What’s one math-based life skill that students will use on a daily basis throughout their lives? If your answer is budgeting, then you are absolutely right! A recent CNBC survey reports that almost 60 percent of Americans are living paycheck to paycheck. Teaching students how to budget effectively can help them decide how best to spend, save, and share their money in the future.
When it comes to personal finance, it’s important to teach skills that students will be able to use right away so that even if they don’t have a steady income, they can start to manage the money that they do receive through allowances, gifts, and odd jobs using the strategy of creating a zero-based budget.
Some high school students have more consistent income sources than others. When I was in high school, I had to get a part-time job because my grandma was the only working adult in the household, and as a housekeeper, she could not afford to pay for anything outside the basics of food, clothing, and shelter. I had a steady income from as early as 15 years old. Even for the student who doesn’t have a steady part-time job, chances are they receive money through other sources.
You can teach students the concept of developing a zero-based budget where they allocate all of the money they’ve received to the three S’s of budgeting: saving, spending, and sharing. The goal of a zero-based budget is to assign every dollar of your income so that no money is left over.
The 3 S’s of Budgeting
1. Saving: This is the first and most important S of budgeting because it is where students learn the concept of pay yourself first (PYF). Before students pay anyone else, they must learn the discipline of the PYF rule. At Generation Wealth, we teach students to save this money for emergencies and investing by playing fun games like Cashflow 101 and exploring investment options that teenagers can take advantage of at their age.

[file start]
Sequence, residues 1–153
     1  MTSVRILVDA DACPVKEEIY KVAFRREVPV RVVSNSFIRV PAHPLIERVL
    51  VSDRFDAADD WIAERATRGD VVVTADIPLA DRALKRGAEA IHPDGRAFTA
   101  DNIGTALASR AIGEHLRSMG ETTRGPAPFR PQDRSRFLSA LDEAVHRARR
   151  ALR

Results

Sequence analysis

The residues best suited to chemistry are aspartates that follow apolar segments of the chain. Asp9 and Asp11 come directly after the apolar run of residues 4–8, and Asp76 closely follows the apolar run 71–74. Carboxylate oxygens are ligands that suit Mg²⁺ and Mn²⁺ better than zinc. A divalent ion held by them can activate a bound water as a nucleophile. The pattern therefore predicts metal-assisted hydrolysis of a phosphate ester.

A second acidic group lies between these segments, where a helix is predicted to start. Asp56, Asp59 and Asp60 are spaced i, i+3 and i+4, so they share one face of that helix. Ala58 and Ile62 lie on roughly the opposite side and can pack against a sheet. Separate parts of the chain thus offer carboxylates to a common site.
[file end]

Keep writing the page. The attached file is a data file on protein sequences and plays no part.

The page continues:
Ideally, one should aim to save at least 20 percent of their income, but developing the discipline is more important than the percentage that they decide to save.
2. Spending: The spending category includes money that can be used for both needs and wants. Most high school students are not yet responsible for expenses like mortgages or car payments, but they may have to pay a portion of their cell phone bill or pay for their lunch two days out of the week.
If they want to buy a new outfit or go to the movies with their friends, this is a want that they will have to budget for from their spending money. Students should aim to set aside about 70 percent of their finances for spending.
This is also a great opportunity to teach students the difference between fixed and variable expenses. As high school students move into young adulthood, they will take on more financial responsibilities, such as rent, utilities, and subscription services. It will be important for them to be able to know the difference between the two, as well as how to prioritize them using the money that they set aside for spending in their budget.
An easy game to play is the Fixed Versus Variable Expense game. In this game, you share examples of expenses, and students have to decide if it’s fixed or variable. Break up the class into teams, or even limit the amount of time they have to choose the correct response to make it more exciting. Digital platforms like Nearpod and Quizlet are good resources to use when playing this game.
3. Sharing: There are few feelings that compare to what you experience when you give in service to those in need. Helping students build the habit of sharing a portion of their income is a great way to develop their sense of citizenship. Students should be exposed to various ways that they can give back to their community, and sharing a portion of their income with a charity of their choice is one of the many great ways to do so.
Students should set a goal of giving 10 percent of their income to charity, but as with saving, developing the discipline is more important than the percentage that they decide to share.
Making It Relevant
When I work with students on budgeting, my goal is to help them build knowledge by teaching the content in an engaging way while giving them the space to think about how what they are learning applies to their own lives. Providing students with case studies is a great way to prepare them to start creating budgets before they engage in the process of making their own. We use case studies like the following, of high school students who budget using the 20-70-10 rule:
Shane delivers pizza on the weekends to make extra money. Last weekend he made $150. How much money should he set aside for saving, spending, and sharing using the 20-70-10 rule?
After students have had the opportunity to work together on a few case studies, give them time to create their own budgets. Generation Wealth uses a template based on the 20-70-10 budget. You can use this version with your students or let it inspire you to develop one that better aligns to your instructional goals.